Relative levels of cytoplasmic aldehyde dehydrogenase (ALDH) were determined in selected subpopulations of normal human bone marrow cells using a flow cytometric assay that simultaneously detects a cell surface antigen (as a marker of cell lineage and developmental stage) and the level of ALDH. The intracellular level of this enzyme has been shown to be directly related to cellular resistance to activated cyclophosphamide and is believed to be important in the survival of cells capable of repopulating marrow in autologous bone marrow transplant procedures. Western blot analysis and flow cytometric analysis of four murine cell lines with known ALDH levels were used to establish the relation between ALDH content and fluorescence with an affinity-purified anti-mouse ALDH antibody. An affinity purified anti-human ALDH antibody, characterized by immunoblotting of cytosolic extracts of cell lines with known ALDH content, was used to determine relative ALDH levels in the marrow subpopulations. We found that hematopoietic progenitor cells express the highest level of ALDH, while lymphocytes express the lowest level. Immature erythroid cells express ALDH at a level intermediate between progenitor cells and lymphocytes.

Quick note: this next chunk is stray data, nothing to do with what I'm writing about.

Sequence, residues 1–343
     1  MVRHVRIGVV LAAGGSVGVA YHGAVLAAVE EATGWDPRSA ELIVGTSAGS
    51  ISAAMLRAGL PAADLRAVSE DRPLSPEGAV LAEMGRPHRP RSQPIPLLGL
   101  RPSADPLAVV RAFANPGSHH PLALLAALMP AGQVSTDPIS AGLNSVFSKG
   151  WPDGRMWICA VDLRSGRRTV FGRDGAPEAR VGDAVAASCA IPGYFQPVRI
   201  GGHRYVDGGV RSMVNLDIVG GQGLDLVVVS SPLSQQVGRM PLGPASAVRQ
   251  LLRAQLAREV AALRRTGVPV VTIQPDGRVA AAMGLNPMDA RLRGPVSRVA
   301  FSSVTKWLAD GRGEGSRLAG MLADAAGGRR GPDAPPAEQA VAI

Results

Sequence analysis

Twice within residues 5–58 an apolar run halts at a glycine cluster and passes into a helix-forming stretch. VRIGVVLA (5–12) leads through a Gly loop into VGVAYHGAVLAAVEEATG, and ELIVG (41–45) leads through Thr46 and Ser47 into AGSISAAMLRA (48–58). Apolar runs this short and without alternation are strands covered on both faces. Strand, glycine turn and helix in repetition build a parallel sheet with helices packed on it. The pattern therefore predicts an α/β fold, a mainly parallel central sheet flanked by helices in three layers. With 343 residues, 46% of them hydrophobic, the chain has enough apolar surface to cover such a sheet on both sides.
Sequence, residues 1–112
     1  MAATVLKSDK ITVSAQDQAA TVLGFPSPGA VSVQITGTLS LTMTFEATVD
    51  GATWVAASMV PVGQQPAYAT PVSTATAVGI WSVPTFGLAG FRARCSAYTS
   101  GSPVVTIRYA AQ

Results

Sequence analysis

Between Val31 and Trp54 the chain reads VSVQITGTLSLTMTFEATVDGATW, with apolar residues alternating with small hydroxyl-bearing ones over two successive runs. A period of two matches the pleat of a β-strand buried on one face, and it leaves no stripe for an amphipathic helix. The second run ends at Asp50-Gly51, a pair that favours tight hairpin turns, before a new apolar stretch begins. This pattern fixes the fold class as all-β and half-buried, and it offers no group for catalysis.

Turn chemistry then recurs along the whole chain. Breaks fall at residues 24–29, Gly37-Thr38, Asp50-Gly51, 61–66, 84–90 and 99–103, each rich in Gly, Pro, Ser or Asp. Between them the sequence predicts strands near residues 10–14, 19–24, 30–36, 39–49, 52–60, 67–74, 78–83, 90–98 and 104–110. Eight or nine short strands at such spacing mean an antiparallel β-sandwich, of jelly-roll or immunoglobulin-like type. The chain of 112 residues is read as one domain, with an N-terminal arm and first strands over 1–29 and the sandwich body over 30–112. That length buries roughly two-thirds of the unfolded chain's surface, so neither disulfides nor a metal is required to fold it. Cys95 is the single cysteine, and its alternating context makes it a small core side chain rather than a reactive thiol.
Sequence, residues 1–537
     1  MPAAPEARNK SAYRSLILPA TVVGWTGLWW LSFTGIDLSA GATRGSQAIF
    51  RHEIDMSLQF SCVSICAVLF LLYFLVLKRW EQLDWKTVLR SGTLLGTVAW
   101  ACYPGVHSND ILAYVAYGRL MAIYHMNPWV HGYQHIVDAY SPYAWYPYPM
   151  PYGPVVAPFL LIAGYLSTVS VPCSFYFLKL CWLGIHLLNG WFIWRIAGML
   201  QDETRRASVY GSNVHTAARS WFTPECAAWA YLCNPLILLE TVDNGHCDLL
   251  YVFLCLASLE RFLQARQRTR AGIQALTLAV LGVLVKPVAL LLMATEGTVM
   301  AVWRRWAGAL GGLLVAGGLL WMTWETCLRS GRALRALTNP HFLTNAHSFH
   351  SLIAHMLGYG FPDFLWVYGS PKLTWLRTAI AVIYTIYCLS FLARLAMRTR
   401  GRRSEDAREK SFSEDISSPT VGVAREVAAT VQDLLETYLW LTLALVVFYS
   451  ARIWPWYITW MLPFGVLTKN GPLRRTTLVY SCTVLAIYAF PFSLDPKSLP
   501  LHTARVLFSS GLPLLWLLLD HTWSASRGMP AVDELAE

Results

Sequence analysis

|Original language||English (US)|
|Number of pages||4|
|State||Published - May 15 1990|
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